Peter Hirschfeld / VPR

Gov. Peter Shumlin says Vermont finally has the elusive piece of technology it needs to resolve problems on the state’s troubled health insurance exchange. 

It could still be months, however, before all Vermont Health Connect customers will enjoy the benefits. And critics aren’t convinced this new fix will be the silver bullet Shumlin says it is. 

ineskoleva / iStock

There is a cornucopia of topics in Tuesday's Vermont Edition for you, including a survey that shows we're not as savvy as we think we are about avoiding scam artists, a preview of the Discover Jazz Festival, an homage to a retiring jazz music teacher, and the surprising impact of a bottled water ban at the University of Vermont.

Scam me once, shame on you

Patti Daniels / VPR

American Red Cross blood drives are a common occurrence, but an upcoming a blood drive aimed at ethnic minorities is upsetting to some, and providing a lesson in medical science for others.

Courtesy Designbook

Facebook sent a warning to a Burlington company last week suggesting that the company's name infringed on the social media giant's trademark.

Vermont Historical Society

Traditionally, when we think of manufacturing, images of the dirt and danger of heavy industry are conjured. It's also thought of as a declining industry.

But in the 21st century, Advanced Manufacturing appears to be the way forward. This is the area of manufacturing that uses automation, software or cutting-edge technology.

Amy Kolb Noyes / VPR

Getting plenty of exercise and fresh air is common advice from physicians. And now a group of doctors around Vermont is actually writing prescriptions that include free entry to Vermont State Parks.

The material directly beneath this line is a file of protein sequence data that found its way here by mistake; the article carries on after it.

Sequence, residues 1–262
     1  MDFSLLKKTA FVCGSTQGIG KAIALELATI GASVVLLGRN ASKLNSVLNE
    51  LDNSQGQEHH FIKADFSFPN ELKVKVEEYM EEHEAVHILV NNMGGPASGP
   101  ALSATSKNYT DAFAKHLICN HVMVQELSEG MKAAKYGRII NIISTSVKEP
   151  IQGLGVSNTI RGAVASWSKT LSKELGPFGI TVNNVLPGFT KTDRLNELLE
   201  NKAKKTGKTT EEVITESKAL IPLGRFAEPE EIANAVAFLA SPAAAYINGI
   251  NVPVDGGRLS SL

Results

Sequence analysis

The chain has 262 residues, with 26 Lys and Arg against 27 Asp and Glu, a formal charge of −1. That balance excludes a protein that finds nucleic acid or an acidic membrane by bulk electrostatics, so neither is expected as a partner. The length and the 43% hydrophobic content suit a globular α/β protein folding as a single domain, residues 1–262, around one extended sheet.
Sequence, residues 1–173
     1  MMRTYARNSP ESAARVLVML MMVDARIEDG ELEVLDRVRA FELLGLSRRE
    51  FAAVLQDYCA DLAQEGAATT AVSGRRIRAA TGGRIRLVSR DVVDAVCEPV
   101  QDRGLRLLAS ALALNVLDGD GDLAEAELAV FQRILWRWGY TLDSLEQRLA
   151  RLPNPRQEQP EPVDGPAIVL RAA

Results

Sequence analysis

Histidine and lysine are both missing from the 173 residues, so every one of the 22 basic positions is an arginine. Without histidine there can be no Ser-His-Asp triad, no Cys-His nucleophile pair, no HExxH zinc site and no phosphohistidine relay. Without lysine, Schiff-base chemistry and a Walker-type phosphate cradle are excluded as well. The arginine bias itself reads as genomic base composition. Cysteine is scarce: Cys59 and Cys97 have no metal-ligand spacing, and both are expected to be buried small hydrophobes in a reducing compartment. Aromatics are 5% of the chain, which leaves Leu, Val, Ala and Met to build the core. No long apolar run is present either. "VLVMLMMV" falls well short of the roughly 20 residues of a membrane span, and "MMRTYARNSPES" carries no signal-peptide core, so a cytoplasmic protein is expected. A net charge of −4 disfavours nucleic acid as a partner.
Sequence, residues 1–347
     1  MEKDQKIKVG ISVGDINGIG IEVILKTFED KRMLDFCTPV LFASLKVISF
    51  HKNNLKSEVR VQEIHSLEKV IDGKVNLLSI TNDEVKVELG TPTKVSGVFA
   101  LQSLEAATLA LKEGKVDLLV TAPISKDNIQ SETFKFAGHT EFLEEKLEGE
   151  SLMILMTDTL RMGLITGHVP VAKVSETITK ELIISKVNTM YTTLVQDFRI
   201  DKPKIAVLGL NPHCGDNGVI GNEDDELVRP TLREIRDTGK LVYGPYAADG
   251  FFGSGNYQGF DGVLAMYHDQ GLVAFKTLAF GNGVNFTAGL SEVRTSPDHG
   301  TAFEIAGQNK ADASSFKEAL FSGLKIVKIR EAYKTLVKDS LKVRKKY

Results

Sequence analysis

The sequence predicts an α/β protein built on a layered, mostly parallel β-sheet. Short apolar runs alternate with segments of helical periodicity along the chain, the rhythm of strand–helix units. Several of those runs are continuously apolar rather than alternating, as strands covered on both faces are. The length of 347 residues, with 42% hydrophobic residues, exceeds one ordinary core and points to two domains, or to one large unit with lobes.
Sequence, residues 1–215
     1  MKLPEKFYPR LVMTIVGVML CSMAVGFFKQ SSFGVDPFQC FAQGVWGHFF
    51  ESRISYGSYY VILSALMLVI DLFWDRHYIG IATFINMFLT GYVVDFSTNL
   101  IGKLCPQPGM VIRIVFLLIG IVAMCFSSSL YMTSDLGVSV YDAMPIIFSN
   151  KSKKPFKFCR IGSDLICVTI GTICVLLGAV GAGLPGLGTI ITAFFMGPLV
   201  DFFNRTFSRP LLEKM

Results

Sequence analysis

Steve Zind / VPR

As the drummer for the Burlington band Waylon Speed, Justin Crowther has been making music for years. Now he’s planning to make music it in a different way: He’ll press vinyl records.

FuatKose / iStock

During the last legislative session, a group called Alliance for a Healthier Vermont pushed for an excise tax on sugar-sweetened beverages, like soda, that would raise an estimated $30 million for Vermont.

So some might call it a victory that lawmakers instead decided to apply the state's 6 percent sales tax to soda and candy. But advocates aren't convinced, and plan to continue to push for the excise tax.

Chris Jensen / New Hampshire Public Radio

A resort developer who used to own ski areas in Vermont says he's confident that an ambitious project planned for New Hampshire's North Country will soon move forward.

Voters in Stowe and Hyde Park Village vote to pursue community solar projects. Windsor students tackle tobacco litter in their town. Three towns vote to support replacing a dam at Lake Fairlee.

Pages